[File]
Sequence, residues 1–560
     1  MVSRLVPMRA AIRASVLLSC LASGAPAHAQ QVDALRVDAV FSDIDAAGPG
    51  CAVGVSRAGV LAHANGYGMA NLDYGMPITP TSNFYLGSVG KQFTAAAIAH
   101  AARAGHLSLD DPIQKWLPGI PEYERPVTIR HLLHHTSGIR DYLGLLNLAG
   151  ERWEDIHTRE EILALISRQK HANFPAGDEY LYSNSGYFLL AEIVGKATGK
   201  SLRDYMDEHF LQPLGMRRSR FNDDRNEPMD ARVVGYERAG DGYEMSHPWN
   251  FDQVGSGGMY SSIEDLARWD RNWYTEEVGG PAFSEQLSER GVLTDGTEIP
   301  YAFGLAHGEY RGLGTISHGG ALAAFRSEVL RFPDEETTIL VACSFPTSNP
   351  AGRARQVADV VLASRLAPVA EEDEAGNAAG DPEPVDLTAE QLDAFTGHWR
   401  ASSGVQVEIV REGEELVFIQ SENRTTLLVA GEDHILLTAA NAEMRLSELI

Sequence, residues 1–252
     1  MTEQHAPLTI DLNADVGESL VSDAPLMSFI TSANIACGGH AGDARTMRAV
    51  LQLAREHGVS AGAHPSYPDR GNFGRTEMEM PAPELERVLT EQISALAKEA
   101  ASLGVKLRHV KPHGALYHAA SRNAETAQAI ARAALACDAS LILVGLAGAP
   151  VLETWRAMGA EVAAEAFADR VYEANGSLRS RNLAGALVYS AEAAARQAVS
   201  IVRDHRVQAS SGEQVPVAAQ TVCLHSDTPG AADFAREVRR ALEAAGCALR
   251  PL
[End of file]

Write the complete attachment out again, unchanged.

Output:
Sequence, residues 1–560
     1  MVSRLVPMRA AIRASVLLSC LASGAPAHAQ QVDALRVDAV FSDIDAAGPG
    51  CAVGVSRAGV LAHANGYGMA NLDYGMPITP TSNFYLGSVG KQFTAAAIAH
   101  AARAGHLSLD DPIQKWLPGI PEYERPVTIR HLLHHTSGIR DYLGLLNLAG
   151  ERWEDIHTRE EILALISRQK HANFPAGDEY LYSNSGYFLL AEIVGKATGK
   201  SLRDYMDEHF LQPLGMRRSR FNDDRNEPMD ARVVGYERAG DGYEMSHPWN
   251  FDQVGSGGMY SSIEDLARWD RNWYTEEVGG PAFSEQLSER GVLTDGTEIP
   301  YAFGLAHGEY RGLGTISHGG ALAAFRSEVL RFPDEETTIL VACSFPTSNP
   351  AGRARQVADV VLASRLAPVA EEDEAGNAAG DPEPVDLTAE QLDAFTGHWR
   401  ASSGVQVEIV REGEELVFIQ SENRTTLLVA GEDHILLTAA NAEMRLSELI

Sequence, residues 1–252
     1  MTEQHAPLTI DLNADVGESL VSDAPLMSFI TSANIACGGH AGDARTMRAV
    51  LQLAREHGVS AGAHPSYPDR GNFGRTEMEM PAPELERVLT EQISALAKEA
   101  ASLGVKLRHV KPHGALYHAA SRNAETAQAI ARAALACDAS LILVGLAGAP
   151  VLETWRAMGA EVAAEAFADR VYEANGSLRS RNLAGALVYS AEAAARQAVS
   201  IVRDHRVQAS SGEQVPVAAQ TVCLHSDTPG AADFAREVRR ALEAAGCALR
   251  PL